Names Categorized "Bubblegum Crisis characters"

This is a list of names in which the categories include Bubblegum Crisis characters.
gender
usage
Brian m English, Irish, Ancient Irish
The meaning of this name is not known for certain but it is possibly related to the old Celtic element bre meaning "hill", or by extension "high, noble". It was borne by the semi-legendary Irish king Brian Boru, who thwarted Viking attempts to conquer Ireland in the 11th century. He was slain in the Battle of Clontarf, though his forces were decisively victorious. The name was common in Ireland before his time, and even more so afterwards. It came into use in England in the Middle Ages, introduced by Breton settlers. It subsequently became rare, but was revived in the 20th century.
Cynthia f English, Greek Mythology (Latinized)
Latinized form of Greek Κυνθία (Kynthia), which means "woman from Kynthos". This was an epithet of the Greek moon goddess Artemis, given because Kynthos was the mountain on Delos on which she and her twin brother Apollo were born. It was not used as a given name until the Renaissance, and it did not become common in the English-speaking world until the 19th century. It reached a peak of popularity in the United States in 1957 and has declined steadily since then.
Daley m & f Irish, English (Rare)
From an Irish surname that was derived from Ó Dálaigh meaning "descendant of Dálach". The name Dálach means "assembly" in Gaelic.
Flint m English
From the English vocabulary word, from Old English flint.
Irene f English, Italian, Spanish, Portuguese, Swedish, Norwegian, Danish, Finnish, German, Dutch, Ancient Greek (Latinized), Greek Mythology (Latinized)
From Greek Εἰρήνη (Eirene), derived from a word meaning "peace". This was the name of the Greek goddess who personified peace, one of the Ὥραι (Horai). It was also borne by several early Christian saints. The name was common in the Byzantine Empire, notably being borne by an 8th-century empress, who was the first woman to lead the empire. She originally served as regent for her son, but later had him killed and ruled alone.... [more]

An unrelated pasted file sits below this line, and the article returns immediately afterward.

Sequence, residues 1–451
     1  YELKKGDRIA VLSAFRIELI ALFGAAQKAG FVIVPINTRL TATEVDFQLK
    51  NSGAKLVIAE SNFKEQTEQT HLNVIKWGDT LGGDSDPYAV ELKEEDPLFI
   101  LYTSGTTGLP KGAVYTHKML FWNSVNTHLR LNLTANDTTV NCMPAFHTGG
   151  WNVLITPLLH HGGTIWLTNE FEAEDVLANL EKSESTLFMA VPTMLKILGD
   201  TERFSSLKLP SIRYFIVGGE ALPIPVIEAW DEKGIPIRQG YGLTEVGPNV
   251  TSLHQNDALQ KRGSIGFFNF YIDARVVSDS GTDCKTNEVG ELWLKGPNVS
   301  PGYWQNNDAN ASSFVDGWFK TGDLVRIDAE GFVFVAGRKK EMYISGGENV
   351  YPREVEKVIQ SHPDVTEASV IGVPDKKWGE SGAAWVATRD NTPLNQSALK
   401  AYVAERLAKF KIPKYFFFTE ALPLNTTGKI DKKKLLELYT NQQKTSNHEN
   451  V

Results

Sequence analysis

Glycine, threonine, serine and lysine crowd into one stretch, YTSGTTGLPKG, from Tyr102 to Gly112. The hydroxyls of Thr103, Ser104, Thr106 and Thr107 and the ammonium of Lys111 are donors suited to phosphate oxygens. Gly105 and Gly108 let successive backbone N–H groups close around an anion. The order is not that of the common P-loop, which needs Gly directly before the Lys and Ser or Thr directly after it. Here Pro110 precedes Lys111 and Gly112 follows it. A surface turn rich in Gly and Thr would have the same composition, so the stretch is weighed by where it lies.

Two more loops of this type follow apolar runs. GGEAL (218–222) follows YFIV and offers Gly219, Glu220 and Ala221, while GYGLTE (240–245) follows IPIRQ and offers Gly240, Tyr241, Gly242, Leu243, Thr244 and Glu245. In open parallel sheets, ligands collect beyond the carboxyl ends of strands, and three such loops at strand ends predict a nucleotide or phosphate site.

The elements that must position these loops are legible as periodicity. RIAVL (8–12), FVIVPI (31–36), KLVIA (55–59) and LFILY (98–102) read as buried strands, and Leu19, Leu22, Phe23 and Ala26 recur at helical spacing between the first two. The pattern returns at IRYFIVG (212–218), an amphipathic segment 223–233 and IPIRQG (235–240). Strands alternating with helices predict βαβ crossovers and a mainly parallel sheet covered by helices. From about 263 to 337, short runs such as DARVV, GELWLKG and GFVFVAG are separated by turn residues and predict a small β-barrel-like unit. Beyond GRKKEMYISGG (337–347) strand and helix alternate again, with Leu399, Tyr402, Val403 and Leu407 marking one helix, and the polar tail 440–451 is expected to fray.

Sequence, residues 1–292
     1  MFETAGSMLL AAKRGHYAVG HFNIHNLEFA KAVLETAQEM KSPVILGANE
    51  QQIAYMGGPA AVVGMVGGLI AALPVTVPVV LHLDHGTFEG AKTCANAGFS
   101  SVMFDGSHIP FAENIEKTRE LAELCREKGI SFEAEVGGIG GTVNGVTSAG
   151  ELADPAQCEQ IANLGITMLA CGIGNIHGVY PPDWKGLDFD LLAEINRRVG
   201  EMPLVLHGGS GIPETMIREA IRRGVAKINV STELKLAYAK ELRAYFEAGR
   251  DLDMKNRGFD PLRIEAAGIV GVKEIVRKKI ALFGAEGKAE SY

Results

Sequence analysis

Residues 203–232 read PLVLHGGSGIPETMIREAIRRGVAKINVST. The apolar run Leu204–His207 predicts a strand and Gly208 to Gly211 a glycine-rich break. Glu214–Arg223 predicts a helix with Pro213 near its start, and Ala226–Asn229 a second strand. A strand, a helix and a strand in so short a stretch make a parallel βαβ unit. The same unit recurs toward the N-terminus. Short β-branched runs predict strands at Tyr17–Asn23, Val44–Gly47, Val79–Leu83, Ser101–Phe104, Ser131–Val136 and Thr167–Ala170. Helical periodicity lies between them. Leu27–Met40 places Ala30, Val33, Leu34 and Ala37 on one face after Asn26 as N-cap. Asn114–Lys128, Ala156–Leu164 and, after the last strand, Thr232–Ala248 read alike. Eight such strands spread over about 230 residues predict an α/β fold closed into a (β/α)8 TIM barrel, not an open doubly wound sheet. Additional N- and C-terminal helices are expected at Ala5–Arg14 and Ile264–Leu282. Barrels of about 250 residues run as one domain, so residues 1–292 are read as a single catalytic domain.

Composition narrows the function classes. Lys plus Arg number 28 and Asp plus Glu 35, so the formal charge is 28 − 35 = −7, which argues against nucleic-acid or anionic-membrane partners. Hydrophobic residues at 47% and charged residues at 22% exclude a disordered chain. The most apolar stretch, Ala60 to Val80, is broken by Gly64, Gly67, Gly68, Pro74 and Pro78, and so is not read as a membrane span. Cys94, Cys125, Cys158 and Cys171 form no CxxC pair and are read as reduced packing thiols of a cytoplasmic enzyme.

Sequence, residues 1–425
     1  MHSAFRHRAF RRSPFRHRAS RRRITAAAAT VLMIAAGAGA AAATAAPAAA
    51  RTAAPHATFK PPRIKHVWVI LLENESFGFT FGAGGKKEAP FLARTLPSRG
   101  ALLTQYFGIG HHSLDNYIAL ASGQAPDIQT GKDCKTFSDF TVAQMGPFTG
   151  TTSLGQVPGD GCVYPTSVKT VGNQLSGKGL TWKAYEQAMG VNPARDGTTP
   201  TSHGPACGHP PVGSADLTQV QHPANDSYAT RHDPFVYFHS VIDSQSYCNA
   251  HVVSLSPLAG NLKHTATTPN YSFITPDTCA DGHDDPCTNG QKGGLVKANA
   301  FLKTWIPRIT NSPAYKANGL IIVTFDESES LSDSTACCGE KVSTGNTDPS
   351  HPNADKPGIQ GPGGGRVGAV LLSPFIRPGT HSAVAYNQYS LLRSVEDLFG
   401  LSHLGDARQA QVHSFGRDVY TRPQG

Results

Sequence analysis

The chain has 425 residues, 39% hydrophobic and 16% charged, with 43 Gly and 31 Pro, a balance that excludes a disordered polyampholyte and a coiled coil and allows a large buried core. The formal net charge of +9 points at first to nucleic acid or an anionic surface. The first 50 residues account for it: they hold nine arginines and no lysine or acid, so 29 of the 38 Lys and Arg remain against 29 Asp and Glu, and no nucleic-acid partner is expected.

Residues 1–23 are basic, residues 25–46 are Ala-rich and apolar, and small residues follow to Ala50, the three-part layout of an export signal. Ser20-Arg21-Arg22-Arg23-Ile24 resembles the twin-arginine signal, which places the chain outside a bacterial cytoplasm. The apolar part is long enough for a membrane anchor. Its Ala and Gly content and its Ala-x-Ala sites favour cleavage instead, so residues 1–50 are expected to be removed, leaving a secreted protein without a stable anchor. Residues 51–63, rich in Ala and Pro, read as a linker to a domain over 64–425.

Kate f English, Croatian
Diminutive of Katherine, often used independently. It has been used in England since the Middle Ages. This was the name of the woman who Petruchio marries and tries to tame in Shakespeare's comedy Taming of the Shrew (1593). A famous bearer is the British actress Kate Winslet (1975-).
Katsuhito m Japanese
From Japanese (katsu) meaning "victory" or (katsu) meaning "overcome" combined with (hito) meaning "person" or (hito) meaning "compassionate". Other kanji characters can combine to form this name as well.
Kou m Hmong
Means "gold" in Hmong.
Leon m English, German, Polish, Slovene, Croatian, Dutch, Ancient Greek
Derived from Greek λέων (leon) meaning "lion". During the Christian era this Greek name was merged with the Latin cognate Leo, with the result that the two forms are used somewhat interchangeably across European languages. In England during the Middle Ages this was a common name among Jews. A famous bearer was Leon Trotsky (1879-1940), a Russian Communist revolutionary.
Lisa f English, German, Dutch, Swedish, Norwegian, Danish, Italian
Short form of Elizabeth and its cognates in other languages. This is the name of the subject of one of the world's most famous paintings, the Mona Lisa, the portrait of Lisa del Giocondo by Leonardo da Vinci.... [more]
Lou f & m English, French
Short form of Louise or Louis. Famous bearers include the baseball player Lou Gehrig (1903-1941) and the musician Lou Reed (1942-2013).
Meg f English
Medieval diminutive of Margaret. It is now also used as a short form of the related name Megan.
Naoko f Japanese
From Japanese (nao) meaning "straight, direct" and (ko) meaning "child", as well as other kanji combinations.
Naomi 2 f & m Japanese
From Japanese (nao) meaning "straight, direct" and (mi) meaning "beautiful" (usually feminine) or (mi) meaning "self" (usually masculine). Other kanji combinations can also form this name.
Priscilla f English, Italian, French, Ancient Roman, Biblical Latin, Biblical
Roman name, a diminutive of Prisca. In Acts in the New Testament Paul lived with Priscilla (also known as Prisca) and her husband Aquila in Corinth for a while. It has been used as an English given name since the Protestant Reformation, being popular with the Puritans. Henry Wadsworth Longfellow used it in his 1858 poem The Courtship of Miles Standish.
Quincy m English
From a surname that was derived (via the place name Cuinchy) from the personal name Quintus. A famous bearer was John Quincy Adams (1767-1848), sixth president of the United States, who was born in the town of Quincy, Massachusetts. Both the town and the president were named after his maternal great-grandfather John Quincy (1689-1767).
Raven f & m English
From the name of the bird, ultimately from Old English hræfn. The raven is revered by several Native American groups of the west coast. It is also associated with the Norse god Odin.
Richard m English, French, German, Czech, Slovak, Dutch, Swedish, Norwegian, Danish, Ancient Germanic
Means "brave ruler", derived from the Germanic elements ric "ruler, mighty" and hard "brave, hardy". The Normans introduced this name to Britain, and it has been very common there since that time. It was borne by three kings of England including Richard I the Lionheart, one of the leaders of the Third Crusade in the 12th century.... [more]
Sho m Japanese
Alternate transcription of Japanese Kanji or (see Shō).
Sylvie f French, Czech
French and Czech form of Silvia.